ii.      Immediately and unconditionally release Ms. Leyla Yunus from pre-trial detention and Mr. Yunusov from house arrest, since their detention is arbitrary as it only aims at sanctioning their human rights activities;

iii.     Remove all travel restrictions placed upon Ms. Leyla Yunus and Mr. Arif Yunusov;

iv.     Put an end to any kind of harassment – including at the judicial and investigatory levels – against Ms. Leyla Yunus, Mr. Arif Yunusov, her relatives and more generally against all human rights defenders in Azerbaijan;

v.       Conform with the provisions of the UN Declaration on Human Rights Defenders, adopted by the General Assembly of the United Nations on December 9, 1998, especially:

-Article 1, which states that “everyone has the right, individually and in association with others, to promote and to strive for the protection and realisation of human rights and fundamental freedoms at the national and international levels”;

-Article 5, which underscores the right of every individual to form, join, and participate in non-governmental organizations; and

-Article 12.2, which provides that the State shall “take all necessary measures to ensure the protection by the competent authorities of everyone, individually and in association with others, against any violence, threats, retaliation, de facto or de jure adverse discrimination, pressure or any other arbitrary action as a consequence of his or her legitimate exercise of his or her rights”;

vi.     Ensure in all circumstances respect for human rights and fundamental freedoms in accordance with international human rights standards and international instruments ratified by Azerbaijan.


Mr. Ilham Aliyev, President of the Republic of Azerbaijan, Office of the President of the Republic of Azerbaijan, 19 Istiqlaliyyat St., Baku AZ1066, Azerbaijan, Fax: (+994) 12 492 06 25, (+994) 412 92 28 68, E-mail:,

Mr. Zakir Garalov, Prosecutor General of the Republic of Azerbaijan, Prosecutor’s Office, 7 Nigar Rafibeyli St., Baku, Azerbaijan, Fax: (+994) 12 492 06 82, (+994) 12 492 26 63, E-mail:,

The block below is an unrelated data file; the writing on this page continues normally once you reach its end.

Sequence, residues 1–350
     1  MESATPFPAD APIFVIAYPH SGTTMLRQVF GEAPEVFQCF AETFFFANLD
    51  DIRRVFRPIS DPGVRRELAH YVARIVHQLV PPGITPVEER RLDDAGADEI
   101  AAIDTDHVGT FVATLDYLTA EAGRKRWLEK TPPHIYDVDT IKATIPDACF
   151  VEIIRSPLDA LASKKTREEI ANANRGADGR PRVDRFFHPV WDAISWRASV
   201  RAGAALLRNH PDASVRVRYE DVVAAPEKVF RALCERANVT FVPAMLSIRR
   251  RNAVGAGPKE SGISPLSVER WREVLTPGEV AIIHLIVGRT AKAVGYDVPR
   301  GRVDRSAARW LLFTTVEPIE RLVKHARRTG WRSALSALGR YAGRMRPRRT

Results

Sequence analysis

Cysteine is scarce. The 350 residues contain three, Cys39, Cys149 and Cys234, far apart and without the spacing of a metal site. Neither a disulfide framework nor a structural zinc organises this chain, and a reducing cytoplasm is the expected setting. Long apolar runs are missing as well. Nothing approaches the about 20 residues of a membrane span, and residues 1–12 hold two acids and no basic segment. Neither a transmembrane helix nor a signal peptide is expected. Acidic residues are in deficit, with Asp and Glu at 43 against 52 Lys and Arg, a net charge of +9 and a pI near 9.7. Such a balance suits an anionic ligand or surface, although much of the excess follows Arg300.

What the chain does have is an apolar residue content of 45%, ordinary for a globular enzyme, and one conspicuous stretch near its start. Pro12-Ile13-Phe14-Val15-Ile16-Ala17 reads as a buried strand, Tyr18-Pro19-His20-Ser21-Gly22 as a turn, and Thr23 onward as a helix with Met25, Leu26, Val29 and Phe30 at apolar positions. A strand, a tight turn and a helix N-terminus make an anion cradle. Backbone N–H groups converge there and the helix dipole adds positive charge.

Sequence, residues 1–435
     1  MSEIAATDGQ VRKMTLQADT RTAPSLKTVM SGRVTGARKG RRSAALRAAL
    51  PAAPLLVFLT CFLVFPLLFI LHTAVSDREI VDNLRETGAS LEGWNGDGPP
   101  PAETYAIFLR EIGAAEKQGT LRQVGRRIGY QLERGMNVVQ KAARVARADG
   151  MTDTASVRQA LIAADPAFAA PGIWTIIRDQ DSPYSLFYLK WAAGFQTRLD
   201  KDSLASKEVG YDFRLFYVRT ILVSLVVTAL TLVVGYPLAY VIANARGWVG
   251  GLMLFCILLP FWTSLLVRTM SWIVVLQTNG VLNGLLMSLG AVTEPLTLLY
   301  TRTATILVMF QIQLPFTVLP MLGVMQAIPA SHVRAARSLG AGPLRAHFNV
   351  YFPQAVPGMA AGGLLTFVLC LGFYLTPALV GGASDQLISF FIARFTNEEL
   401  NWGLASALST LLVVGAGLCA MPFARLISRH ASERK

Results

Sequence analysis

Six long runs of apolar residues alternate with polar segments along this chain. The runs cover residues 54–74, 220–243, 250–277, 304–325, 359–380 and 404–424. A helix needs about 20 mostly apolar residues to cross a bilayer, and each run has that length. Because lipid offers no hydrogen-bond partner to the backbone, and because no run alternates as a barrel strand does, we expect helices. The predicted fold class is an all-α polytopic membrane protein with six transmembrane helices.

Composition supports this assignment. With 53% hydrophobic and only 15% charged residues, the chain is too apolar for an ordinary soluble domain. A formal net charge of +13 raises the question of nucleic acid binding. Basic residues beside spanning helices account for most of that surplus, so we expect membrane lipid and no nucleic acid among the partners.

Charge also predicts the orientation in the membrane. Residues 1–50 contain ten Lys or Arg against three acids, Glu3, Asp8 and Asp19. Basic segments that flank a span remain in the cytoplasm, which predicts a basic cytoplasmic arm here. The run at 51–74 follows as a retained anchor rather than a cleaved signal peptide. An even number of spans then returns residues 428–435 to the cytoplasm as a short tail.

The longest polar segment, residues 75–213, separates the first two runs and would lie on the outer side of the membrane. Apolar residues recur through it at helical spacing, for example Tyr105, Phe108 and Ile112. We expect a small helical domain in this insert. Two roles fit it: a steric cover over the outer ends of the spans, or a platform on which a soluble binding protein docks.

Mr. Eldar Mahmudov, Minister of National Security, Ministry of National Security of the Republic of Azerbaijan, Parliament Avenue 14, Baku AZ1006, Azerbaijan, Fax: (+994) 12 493-76-22, E-mail:

Mr. Ramil Usubov, Minister of Internal Affairs, Ministry of Internal Affairs of the Azerbaijani Republic, Fax: (+994) 12 492 45 90

Mr. Elmar MammadyarovMinister of Foreign Affairs, Ministry of Foreign Affairs of the Republic of Azerbaijan, E-mail:

Mr. Fikrat F. Mammadov, Minister of Justice in Azerbaijan, Inshaatchilar Prospekti, 1 Baku, Azerbaijan, e-mail:; Fax (+994) 12 430 09 81

H.E. Mr. Murad N. Najafbayli, Ambassador, Permanent Mission of Azerbaijan to the United Nations in Geneva, Route des Fayards 237, CH-1290 Versoix, Switzerland, Fax: (+41) 22 901 18 44, E-mail:

Embassy of Azerbaijan in Brussels, Avenue Moliere 464, 1050 Brussels, Belgium, Fax: (+32) 2 345 91 85

Please also write to the diplomatic missions or embassies of Azerbaijan in your respective country as well as to the EU diplomatic missions or embassies in Azerbaijan.

TeliaSonera’s covert connection to Azerbaijani president’s daughters


azerbaijan network

Through a trail of owners and offshore registrations, the two daughters of President Ilham Aliyev appear to be connected to Azerbaijan’s largest mobile phone business, Azercell, RFE/RL’s Khadija Ismayilova reports